The sterilization temperature for heat sensitive articles, for example, articles that contain tissue, is preferably between about 10° C. and about 40° C., more preferably the sterilization temperature is between about 20° C. and about 30° C. The sterilization of other articles is dependent on the material properties of the article and generally can range between about 10° C. and 150° C.
The methods described herein may also be used to treat articles that include cross-linked tissue. Cross-linking of tissues can provide mechanical stabilization, for example, by preventing enzymatic degradation of the tissue. Glutaraldehyde is typically used for fixation, but other fixatives can be used, such as carbodiimides, epoxy amines, epoxides, formaldehyde and other difunctional aldehydes. After cross-linking, additional procedures may be performed in order to prepare the article for subsequent uses. These procedures include, for example, placement of sewing or bioresorbable cuffs on the articles, treatment with anti-calcification agents, growth factors and the like. The articles, after the post cross-linking procedures, can be treated using the sterilizing compositions and methods described herein.
The sterilizing compositions described herein may inactivate the microbes present on or within an article, e.g., the epoxy amine compound acts as a bactericidal agent. In some embodiments, the articles initially contain a substantial number of microbes. It is desirable in such cases to reduce the microbial load associated with the articles prior to contact with the bodily fluids and/or other fluids used in biological procedures. The articles thus can be treated with the sterilizing composition to reduce the microbial load to obtain sterile articles as described above.
In other embodiments, articles can be treated with the sterilizing compositions to inhibit proliferation of microbes, e.g., the epoxy amine compound acts as a bacteriostatic agent. The standard of measurement for a bacteriostatic agent is described by Block, S. S., in Disinfection, Sterilization and Preservation, p. 1050, Lea & Febiger, 1991. Suitable epoxy amine compounds can inhibit growth, for at least 7 days, when up to 100 viable microorganisms are associated with the article. Articles that have been sterilized using the methods described herein or using other methods known in the art, for example, ultraviolet radiation, heat, heat and pressure, and other chemical sterilants, can be stored in the sterilizing compositions described herein. Storage of the articles in the sterilizing compositions can maintain the sterility of the articles over long periods of time. Articles can generally be stored in the sterilizing composition for more than 1 day, alternatively for more than 30 days and in some embodiments, for more than 6 months. Articles that have not been sterilized may also be stored in the sterilizing compositions.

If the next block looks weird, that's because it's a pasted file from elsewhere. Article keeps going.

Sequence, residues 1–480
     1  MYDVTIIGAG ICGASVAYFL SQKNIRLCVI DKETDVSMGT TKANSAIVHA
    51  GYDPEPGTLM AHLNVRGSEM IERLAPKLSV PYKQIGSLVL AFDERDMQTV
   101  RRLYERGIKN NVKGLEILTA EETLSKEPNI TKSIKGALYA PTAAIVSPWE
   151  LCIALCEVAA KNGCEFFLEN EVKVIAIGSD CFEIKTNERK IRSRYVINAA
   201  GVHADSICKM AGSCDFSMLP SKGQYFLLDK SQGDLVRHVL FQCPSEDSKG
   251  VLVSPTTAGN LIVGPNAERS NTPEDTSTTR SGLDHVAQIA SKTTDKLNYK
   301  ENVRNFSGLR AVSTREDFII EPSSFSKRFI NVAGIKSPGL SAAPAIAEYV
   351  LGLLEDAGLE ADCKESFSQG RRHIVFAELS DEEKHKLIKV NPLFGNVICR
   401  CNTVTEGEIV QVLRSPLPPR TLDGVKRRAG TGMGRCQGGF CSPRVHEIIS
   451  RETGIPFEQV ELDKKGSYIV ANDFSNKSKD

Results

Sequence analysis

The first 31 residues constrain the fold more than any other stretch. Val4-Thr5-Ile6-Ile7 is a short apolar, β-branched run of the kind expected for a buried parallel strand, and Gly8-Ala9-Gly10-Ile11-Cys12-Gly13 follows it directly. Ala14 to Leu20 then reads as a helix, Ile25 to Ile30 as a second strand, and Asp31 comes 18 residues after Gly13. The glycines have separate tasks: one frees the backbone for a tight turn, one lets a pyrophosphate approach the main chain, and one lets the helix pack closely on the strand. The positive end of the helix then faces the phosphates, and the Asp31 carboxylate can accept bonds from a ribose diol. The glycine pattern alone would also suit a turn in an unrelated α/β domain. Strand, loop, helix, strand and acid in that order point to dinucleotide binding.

Articles can be stored in the sterilizing compositions described herein and packaged in containers, preferably sealed. The articles may be placed in a container with the appropriate amount of the sterilizing composition and then sealed. In some embodiments, the article is immersed in the sterilizing composition in the sealed container. In other embodiments, only a portion of the article may be in contact with the sterilizing composition in the container. Alternatively, the article may be stored in the presence of the sterilizing composition vapors. The sealed container may then be stored and/or distributed as desired for future use. The articles may have been sterilized prior to storage in the epoxy amine compositions.
E. Storage, Distribution and Use
The sterilizing compositions described herein can be used as sterilants, as storing agents and the like. The epoxy amine compounds alone can be stored and distributed as a solid, a paste, in solution, and/or in a vaporizable form. Alternatively, sterilizing compositions containing the epoxy amine compounds and any other optional components, preferably in solution, can be appropriately packaged, stored and/or distributed. In other embodiments, all the components of the sterilizing composition can be stored separately but packaged together for distribution. Prior to use, the components can be combined and/or solubilized to form the sterilizing compositions. The sterilizing composition can then be used to contact the articles for use as a sterilant and/or as a bacteriostatic agent. The packaging of any of the compositions described above are preferably in sealed containers.
The sterilizing composition can also be appropriately contacted with an article and stored. The stored article can be packaged and distributed as desired. The stored article may be packaged dependent on the nature of the article. Articles, in contact with the sterilizing composition, may be stored in refrigerators, freezers, room temperature, incubators and the like. Tissue, for example, may be placed in the sterilizing composition and stored at refrigeration and/or room temperatures. Medical articles such as heart valve bioprostheses, stored in the sterilizing compositions, generally are distributed in sealed containers to health care professionals. Generally, the articles are packaged with appropriate instruction labels.
The medical articles preferably are removed from the storage containers immediately before use. The article may be removed from the container and directly used. Alternatively, the article may be removed from the container and rinsed prior to use. The rinsing, preferably, is performed with a sterile composition.